In orchestra, the students learn many songs and do music theory. Dr. Tsugawa helps them with everything they do. Alex Hawker said, “Dr. Tsugawa is nice and funny. He makes learning theory fun and exciting.”

Yamina Castro’s favorite part of being in orchestra is “being able to play with many different parts and harmonies at the same time to make beautiful music.” They play songs called Frolic, Fiddles Down Under, Joust, Nightrider, Ashgrove, and Two English Dances. Remember, the concert is on January 20th at 8:00 p.m.

The new semester at SJHS

Attributions: 
Brooke Seaton, SJHS Staff Writer

Springville Junior High students are excited for the new semester, but most kids are really going to miss a few of their classes. According to Maddie Joyner, an eighth-grade student, she is going to miss “the friends I won’t get to see as much.”  Another thing most students are going to miss is foods, an elective class.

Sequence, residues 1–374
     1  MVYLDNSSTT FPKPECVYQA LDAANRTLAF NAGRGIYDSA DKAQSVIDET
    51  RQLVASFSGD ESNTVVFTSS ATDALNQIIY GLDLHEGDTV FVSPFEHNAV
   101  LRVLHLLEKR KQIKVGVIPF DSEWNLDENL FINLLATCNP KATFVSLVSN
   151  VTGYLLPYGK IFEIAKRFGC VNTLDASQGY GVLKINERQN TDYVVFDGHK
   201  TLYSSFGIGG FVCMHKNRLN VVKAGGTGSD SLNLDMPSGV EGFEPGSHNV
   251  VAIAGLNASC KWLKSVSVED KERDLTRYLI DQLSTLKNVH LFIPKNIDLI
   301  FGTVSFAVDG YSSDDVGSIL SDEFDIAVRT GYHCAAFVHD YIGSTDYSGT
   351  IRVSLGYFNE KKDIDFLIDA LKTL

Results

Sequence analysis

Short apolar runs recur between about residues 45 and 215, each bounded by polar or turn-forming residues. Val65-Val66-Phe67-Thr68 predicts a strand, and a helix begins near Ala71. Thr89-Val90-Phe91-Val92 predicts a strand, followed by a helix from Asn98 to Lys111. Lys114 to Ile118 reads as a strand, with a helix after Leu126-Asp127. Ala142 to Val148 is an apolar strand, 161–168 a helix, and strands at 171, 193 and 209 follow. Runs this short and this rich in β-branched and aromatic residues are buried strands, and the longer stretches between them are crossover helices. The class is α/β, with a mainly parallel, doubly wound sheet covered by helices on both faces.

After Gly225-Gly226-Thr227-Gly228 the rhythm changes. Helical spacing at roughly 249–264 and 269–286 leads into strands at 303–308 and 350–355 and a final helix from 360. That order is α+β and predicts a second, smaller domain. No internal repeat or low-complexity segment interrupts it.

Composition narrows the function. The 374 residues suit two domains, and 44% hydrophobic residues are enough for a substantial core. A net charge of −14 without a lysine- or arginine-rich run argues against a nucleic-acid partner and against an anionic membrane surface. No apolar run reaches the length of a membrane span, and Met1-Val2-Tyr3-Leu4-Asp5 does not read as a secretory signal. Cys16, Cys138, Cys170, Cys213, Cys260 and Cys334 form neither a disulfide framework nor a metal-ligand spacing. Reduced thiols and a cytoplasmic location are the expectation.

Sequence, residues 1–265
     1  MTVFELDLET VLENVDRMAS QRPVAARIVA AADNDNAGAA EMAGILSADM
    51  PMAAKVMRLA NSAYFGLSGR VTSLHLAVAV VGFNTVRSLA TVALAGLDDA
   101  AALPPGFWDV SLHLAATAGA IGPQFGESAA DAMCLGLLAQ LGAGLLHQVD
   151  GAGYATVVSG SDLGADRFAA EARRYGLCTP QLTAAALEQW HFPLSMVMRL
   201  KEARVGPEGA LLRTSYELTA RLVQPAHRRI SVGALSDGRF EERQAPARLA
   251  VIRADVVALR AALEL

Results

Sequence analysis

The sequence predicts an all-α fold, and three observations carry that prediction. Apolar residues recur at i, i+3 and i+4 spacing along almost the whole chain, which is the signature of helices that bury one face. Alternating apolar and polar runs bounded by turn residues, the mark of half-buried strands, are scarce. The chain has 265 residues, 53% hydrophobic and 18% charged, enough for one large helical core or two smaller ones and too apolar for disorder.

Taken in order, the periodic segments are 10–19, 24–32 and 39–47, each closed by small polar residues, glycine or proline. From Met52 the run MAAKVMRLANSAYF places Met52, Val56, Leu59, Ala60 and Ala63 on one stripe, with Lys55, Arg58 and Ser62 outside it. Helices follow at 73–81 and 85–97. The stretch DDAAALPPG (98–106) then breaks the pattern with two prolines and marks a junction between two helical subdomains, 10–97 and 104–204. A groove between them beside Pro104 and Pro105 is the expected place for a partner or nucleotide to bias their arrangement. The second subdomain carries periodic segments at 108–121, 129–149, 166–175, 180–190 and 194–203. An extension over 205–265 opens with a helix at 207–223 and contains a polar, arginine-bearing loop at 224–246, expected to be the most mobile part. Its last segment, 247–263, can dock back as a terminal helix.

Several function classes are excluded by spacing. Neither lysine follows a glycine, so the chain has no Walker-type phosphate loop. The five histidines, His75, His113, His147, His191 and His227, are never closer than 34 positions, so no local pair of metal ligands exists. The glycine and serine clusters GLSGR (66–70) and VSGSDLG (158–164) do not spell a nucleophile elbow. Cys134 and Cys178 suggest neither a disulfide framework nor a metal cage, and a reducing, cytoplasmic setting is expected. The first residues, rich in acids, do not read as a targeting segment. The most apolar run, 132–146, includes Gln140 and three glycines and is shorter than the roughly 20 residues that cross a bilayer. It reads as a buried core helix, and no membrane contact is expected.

But there are a lot of classes students are very excited for. Savannah McNitt, an eighth-grade student, is excited for “photography, because I get to take pictures!”  Maddie said what she’s most exited for is “foods because you get to eat your work!”

The hurry and confusion of changing classes starts the 19th of January, and the students at Springville Junior High get to go to brand new classes. Morgan Bowser, an eighth- grade student said, “I think it will be good to get new teachers to listen to and new work to do.”
 

The Best Christmas Presents Ever

Attributions: 
Katya Wagstaff, SJHS Staff Writer